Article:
present custodian, is now the applicant before me. Thus the executive aspect of extradition, and the legal obligation of the Governor of one State to surrender a fugitive found in that State to the Governor of a demanding State upon his request discussed in Kentucky v. Dennison, 24 How. 66 (1861), are not involved here. The Governor of California has already issued an extradition warrant in response to the request of the Governor of Arkansas, and the question is to what extent may the courts of the so-called "asylum" or "rendering" State inquire beyond the face of the extradition warrant and its conformity to state law.
This Court most recently considered that question in Michigan v. Doran, 439 U. S. 282 (1978), in which it stated that
"[i]nterstate extradition was intended to be a summary and mandatory executive proceeding derived from the language of Art. IV, § 2, cl. 2, of the Constitution."
Id. at 439 U. S. 288. We further stated in that case:
"Once the governor has granted extradition, a court considering release on habeas corpus can do no more than decide (a) whether the extradition documents, on their face, are in order; (b) whether the petitioner has been charged with a crime in the demanding state; (c) whether the petitioner is the person named in the request for extradition; and (d) whether the petitioner is a fugitive. These are historic facts readily verifiable."
Id. at 439 U. S. 289.
In an earlier decision, Sweeney v. Woodall, 344 U. S. 86 (1952), the Court stated:
"The scheme of interstate rendition, as set forth in both the Constitution and the statutes which Congress has enacted to implement the Constitution, contemplates the prompt return of a fugitive from justice as soon as the state from which he fled demands him; these provisions do not contemplate an appearance by Alabama in respondent's asylum to defend against the claimed abuses of its prison system."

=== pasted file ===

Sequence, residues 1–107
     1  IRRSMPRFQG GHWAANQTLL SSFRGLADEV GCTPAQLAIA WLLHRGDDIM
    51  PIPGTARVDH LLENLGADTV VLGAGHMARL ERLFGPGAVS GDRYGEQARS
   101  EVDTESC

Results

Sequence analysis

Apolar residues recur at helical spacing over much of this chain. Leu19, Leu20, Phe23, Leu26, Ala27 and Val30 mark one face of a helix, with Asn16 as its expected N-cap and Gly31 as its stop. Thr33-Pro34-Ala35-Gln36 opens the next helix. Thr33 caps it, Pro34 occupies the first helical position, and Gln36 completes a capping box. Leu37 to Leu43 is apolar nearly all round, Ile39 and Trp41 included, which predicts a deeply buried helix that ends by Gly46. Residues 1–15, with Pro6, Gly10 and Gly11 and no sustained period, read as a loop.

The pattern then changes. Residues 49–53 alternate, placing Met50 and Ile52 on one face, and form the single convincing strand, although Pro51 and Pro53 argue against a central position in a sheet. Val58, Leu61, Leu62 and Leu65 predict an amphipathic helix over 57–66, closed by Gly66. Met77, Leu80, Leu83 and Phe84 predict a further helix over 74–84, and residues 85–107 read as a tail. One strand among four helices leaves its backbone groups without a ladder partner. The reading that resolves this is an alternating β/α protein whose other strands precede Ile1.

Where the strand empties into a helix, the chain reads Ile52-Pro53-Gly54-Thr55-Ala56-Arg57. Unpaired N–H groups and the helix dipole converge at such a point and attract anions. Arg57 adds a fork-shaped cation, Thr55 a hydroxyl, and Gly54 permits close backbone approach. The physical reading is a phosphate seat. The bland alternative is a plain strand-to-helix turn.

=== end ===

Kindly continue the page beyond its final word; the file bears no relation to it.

Id. at 344 U. S. 89-90 (footnotes omitted).
In this case, the demanding State is Arkansas, whose prisons were the subject of our opinion in Hutto v. Finney, 437 U. S. 678 (1978). The asylum State is California, and the Superior Court of El Dorado County, Cal., has been ordered by the Supreme Court of that State
"to conduct hearings to determine if the penitentiary in which Arkansas seeks to confine petitioner is presently operated in conformance with the Eighth Amendment of the United States Constitution and thereafter decide the petition on its merits."
The 1970 census conducted by the United States indicates that El Dorado County, Cal., has a population of 43,833 persons. Its county seat, Placerville, with a population indicated by the same census as being in the neighborhood of 5,000 persons, is located between Sacramento and the Nevada border on the south side of Lake Tahoe. While there is. in terms. no doctrine of "forum non conveniens," the doctrines of this Court in Sweeney v. Woodall, supra, and Michigan v. Doran, supra, indicate that the interstate rendition of fugitives has a federal constitutional and statutory basis, and cannot be decided solely in accordance with the principles of law enunciated by the courts of one State. Here, the Governor of California has granted the request for extradition, which is in compliance with federal standards. And, under Sweeney, the proper forum for respondent's challenge to Arkansas prison conditions is in the Arkansas courts. It seems to me that the order issued by the Supreme Court of California is very much at odds with principles set forth in Doran and Sweeney, and I have therefore decided to grant the application of applicant Pacileo for a stay pending timely filing of a writ of certiorari in this Court to review the order of the Supreme Court of California. In the event that the petition is denied, the stay issued by me shall expire of its own force. In the event that the petition for certiorari is granted, the stay shall continue in force until final disposition of the case by this Court or further order of the Court.